"Hi, I'm Kaya Oakes," I proffered, my hand shooting into my plastic handbag. "I wrote...not this," for I was about to show the bouncer The Serpent and the Rainbow: A Harvard Scientist's Astonishing Journey Into the Secret Societies of Hatian Voodoo, Zombis, and Magic, "this book on the development and permeation of Indie Culture from its roots in Portland to the rest of the nation."
The bouncer, a soft butch with parallel piercings in her nose and lip, didn't look at my hand, which now held a copy of Slanted and Enchanted: The Evolution of Indie Culture. "Yes, and while I respect that, it's Pride weekend and no one without proof of age can come inside this bar."
"That's too bad," said Kim, "We're doing marketing research."
"Thank you for your time," I told the woman.
We walked away, towards the west. "See? I'm not drunk," I told them.
"That was a woman?" Kim said, turning it lightly with her tongue into a question.
"That was a woman," Keenen clarified.
We now had a vast array of potential facebook album titles, the sources for which had emerged earlier in the evening, when we were at our third dining establishment. "Mush," Kim said, as she mashed the remains of her flourless chocolate torte into the blue clay dish. Soon after that was "My butt is actually a sphere,"--which referred to Keenen's potential list of excuses should he end up crashing that night with a gay man from a bar-- and now there was, "Hi, I'm Kaya Oakes."
They strode through St. Mark's square, leaving me to jog after them. Damn them skinny people. They get everything, and I get a muffin top.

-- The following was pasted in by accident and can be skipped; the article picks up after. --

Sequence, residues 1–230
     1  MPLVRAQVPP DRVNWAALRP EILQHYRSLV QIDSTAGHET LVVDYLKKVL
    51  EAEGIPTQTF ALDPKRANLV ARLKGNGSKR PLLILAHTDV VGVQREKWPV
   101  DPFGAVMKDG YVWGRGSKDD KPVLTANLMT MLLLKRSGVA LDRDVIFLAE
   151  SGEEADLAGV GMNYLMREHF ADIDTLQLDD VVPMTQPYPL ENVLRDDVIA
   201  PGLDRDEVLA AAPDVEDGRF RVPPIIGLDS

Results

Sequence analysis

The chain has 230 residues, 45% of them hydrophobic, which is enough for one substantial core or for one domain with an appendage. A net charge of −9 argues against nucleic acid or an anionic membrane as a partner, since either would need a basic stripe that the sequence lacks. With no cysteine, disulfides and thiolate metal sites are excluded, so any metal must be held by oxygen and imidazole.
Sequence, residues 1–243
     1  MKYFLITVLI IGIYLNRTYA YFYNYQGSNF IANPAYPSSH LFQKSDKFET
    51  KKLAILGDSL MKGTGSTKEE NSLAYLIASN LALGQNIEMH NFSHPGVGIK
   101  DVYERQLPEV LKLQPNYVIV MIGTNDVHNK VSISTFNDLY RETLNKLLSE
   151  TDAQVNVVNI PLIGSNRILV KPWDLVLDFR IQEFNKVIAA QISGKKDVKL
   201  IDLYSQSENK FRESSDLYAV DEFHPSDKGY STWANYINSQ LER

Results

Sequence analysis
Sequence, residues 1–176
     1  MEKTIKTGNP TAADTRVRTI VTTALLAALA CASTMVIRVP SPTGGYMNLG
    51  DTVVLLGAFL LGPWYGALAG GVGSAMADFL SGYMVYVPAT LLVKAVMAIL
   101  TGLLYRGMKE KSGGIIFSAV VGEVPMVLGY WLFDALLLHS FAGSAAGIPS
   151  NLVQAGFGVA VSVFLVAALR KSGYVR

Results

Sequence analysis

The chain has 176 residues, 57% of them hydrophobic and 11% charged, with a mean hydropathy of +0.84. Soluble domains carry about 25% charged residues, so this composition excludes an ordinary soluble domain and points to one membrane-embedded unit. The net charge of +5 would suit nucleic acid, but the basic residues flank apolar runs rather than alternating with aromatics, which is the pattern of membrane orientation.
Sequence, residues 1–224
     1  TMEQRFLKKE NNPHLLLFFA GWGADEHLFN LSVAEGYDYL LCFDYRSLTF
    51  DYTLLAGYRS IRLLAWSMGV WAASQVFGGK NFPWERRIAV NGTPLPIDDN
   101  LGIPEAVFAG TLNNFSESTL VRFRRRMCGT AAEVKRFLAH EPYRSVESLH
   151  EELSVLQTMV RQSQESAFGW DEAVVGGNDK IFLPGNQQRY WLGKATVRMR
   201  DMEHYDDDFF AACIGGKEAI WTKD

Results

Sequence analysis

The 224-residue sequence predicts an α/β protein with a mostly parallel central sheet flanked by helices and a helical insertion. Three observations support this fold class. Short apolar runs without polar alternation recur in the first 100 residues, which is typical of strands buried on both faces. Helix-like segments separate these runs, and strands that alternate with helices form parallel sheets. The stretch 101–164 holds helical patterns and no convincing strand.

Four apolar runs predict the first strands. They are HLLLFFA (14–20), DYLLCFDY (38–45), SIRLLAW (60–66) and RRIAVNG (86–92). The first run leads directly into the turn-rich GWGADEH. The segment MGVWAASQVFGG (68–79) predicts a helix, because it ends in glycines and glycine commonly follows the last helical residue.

"Fuckin' puddles," said a trashed guy behind us, "They don't have puddles in Jersey."
"They don't have SHIT in Jersey," said his friend, "FUCK Jersey."
"Hey, do you know how to get to the PATH trains," the first one asked me.
"The what?" Said Kim.
"The PATH trains," I repeated.
"Jersey," he said, "sucks. You're not from Jersey, are you?"
"No," I said.
"I know a lot of nice people from New Jersey," Kim told him.
He softened. "Yeah, we're just trying to get home."
I tried to tell him he needed to get to fourteenth street, but Kim was telling him to go to Port Authority and eventually Keenen took over and if they hadn't been so drunk I'm sure they would've been fine. As it was, we can only hope for the best.
"Good luck, Nate," said Kim.
"Shit," said the other, "How do you know his name?"
Kim began waving her arns, half indignant and half drunk. "Because you said it, guy-in-red-shirt!"
I think he's probably still confused about that. But they said bye, and Kim shouted "See ya, Nate," when we were about a hundred feet away and everything was fine.